As others have mentioned in class, I also generally approach the readings for the week in the order they are presented in our course schedule. And I was excited to be learning more about distance reading: how it’s not necessarily an argument against close reading, seeing similar arguments about acknowledging “data as capta” and that there’s no such thing as an objective distance reading, but there’s room for more complexity and nuance. And of course lots of mentions of Franco Moretti, who originally coined the term.
Then I get to Lauren F. Klein’s “Distance Reading after Moretti.” Moretti has been accused of sexual harassment and assault, the details of which became more broadly known during #MeToo. After briefly acknowledging this, Klein goes on to discuss the ways in which a lack of representation in the field contribute to certain distance reading practitioners reinforcing problematic power structures. Klein says, “And like literary world systems, or ‘the great unread,’ the problems associated with these concepts, like sexism or racism, are also problems of scale, but they require an increased attention to, rather than a passing over, of the subject positions that are too easily (if at times unwittingly) occluded when taking a distant view.”
And then I get to two readings, both written after the allegations, that engage with Moretti and his contributions to the field: Laura Mandell’s “Gender and Cultural Analytics: Finding or Making Stereotypes?” and Richard Jean So and Edwin Roland’s “Race and Distant Reading.” My first thoughts are, can we separate the work from the person who performed it? (I’m not sure, but I’m skeptical.) And then what is the responsibility of a scholar to be aware of such abuses of the people they reference? My first thought was perhaps (being relatively new to the field and unaware of different scholars’ relationships to each other and to the general happenings within DH), maybe they didn’t know. Or maybe this is another issue where the publication date isn’t actually representative of the chronology in which they were written. But both of these articles include Klein’s panel discussion in their works cited. Admittedly both articles are critical of Moretti, but those criticisms are separate from the sexual assault. Do they have to acknowledge this? Does not acknowledging it let Moretti retain his privileged position within the field as being someone against whom discourse on distance reading necessarily has to reference and frequently appear as a starting point from which criticism must begin? I definitely wouldn’t advocate for erasing him from the history of DH and/or distance reading, but I’m not sure just being critical of his work is enough when it’s clear the authors of the latter articles are also familiar with the rape and harassment allegations.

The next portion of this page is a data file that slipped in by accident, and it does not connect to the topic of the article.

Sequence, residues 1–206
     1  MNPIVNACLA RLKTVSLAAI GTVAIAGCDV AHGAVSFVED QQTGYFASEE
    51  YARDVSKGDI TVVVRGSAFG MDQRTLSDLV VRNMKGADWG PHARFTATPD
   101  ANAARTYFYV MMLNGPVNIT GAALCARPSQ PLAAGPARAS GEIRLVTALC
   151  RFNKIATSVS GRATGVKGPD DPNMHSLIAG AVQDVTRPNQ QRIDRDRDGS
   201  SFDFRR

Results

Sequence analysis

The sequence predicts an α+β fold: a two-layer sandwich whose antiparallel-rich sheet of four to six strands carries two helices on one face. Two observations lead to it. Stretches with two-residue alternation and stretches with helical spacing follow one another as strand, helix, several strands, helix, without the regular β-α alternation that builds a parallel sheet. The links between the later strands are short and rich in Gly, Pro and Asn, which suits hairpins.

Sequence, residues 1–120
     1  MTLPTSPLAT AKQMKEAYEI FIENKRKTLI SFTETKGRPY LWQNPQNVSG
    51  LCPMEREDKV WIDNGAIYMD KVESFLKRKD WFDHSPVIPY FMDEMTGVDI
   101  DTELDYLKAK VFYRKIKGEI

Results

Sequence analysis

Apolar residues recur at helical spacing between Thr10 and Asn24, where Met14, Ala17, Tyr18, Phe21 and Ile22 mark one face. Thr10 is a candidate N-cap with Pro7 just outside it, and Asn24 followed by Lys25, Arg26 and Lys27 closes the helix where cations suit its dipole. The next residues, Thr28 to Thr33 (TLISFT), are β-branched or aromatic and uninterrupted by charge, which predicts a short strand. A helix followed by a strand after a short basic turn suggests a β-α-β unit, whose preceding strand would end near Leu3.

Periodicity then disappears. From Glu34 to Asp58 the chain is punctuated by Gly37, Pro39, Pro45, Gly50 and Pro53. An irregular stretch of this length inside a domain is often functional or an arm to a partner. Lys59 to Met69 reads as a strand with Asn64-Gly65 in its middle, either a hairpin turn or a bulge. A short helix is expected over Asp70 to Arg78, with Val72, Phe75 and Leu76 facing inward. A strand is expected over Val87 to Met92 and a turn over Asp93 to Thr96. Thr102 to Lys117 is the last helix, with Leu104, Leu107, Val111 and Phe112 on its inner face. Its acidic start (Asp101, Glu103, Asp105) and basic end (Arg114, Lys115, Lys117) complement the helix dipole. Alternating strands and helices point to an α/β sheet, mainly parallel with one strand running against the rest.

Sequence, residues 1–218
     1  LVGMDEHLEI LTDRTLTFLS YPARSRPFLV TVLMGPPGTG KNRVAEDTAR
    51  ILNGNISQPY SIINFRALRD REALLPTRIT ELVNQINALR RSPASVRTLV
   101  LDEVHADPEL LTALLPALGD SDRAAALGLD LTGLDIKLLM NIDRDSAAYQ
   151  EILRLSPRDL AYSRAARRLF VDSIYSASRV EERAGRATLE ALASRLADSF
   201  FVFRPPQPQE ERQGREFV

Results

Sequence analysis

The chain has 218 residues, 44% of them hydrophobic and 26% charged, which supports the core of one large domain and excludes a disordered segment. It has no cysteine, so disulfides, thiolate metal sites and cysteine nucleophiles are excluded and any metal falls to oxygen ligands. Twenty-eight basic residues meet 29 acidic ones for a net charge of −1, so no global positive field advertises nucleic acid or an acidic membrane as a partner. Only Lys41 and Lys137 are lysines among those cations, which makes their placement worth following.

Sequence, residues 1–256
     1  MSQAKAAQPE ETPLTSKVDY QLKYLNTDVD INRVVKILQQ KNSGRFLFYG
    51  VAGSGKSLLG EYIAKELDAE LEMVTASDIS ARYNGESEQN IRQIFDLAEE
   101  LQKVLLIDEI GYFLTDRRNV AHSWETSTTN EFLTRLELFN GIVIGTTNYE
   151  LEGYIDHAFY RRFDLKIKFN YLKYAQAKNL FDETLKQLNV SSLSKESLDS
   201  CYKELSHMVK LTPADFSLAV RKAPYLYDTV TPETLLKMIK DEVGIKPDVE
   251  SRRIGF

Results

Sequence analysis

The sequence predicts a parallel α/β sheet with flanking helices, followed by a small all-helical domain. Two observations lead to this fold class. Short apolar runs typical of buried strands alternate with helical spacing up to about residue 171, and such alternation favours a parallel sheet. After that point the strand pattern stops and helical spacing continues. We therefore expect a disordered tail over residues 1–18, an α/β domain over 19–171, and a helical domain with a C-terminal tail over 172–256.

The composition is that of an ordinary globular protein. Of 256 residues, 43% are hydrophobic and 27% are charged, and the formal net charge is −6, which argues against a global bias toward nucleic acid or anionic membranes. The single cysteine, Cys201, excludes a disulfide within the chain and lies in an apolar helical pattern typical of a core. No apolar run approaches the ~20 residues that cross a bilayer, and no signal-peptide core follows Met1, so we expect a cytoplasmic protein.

Is this something that only comes with more time (and even if that has been the case, is that the example we should follow)? Is there reputable discourse on the “founding fathers” of the United States that doesn’t address their owning and raping of slaves? (Now that I’ve asked this, I’m fearing the answer may indeed be “yes.”) Medicine certainly still has many skeletons in its closet to contend with, but there has been a movement to rename conditions previously named after Nazi doctors. (I’m not sure this is an example to be followed, but naming medical conditions after people is incredibly problematic and also not very helpful in understanding what a condition really is anyway, so that’s its own can of worms…)
I’m not sure exactly what repercussions Moretti has faced, though I fear little. I found this article from the Standford Politics about him and another professor.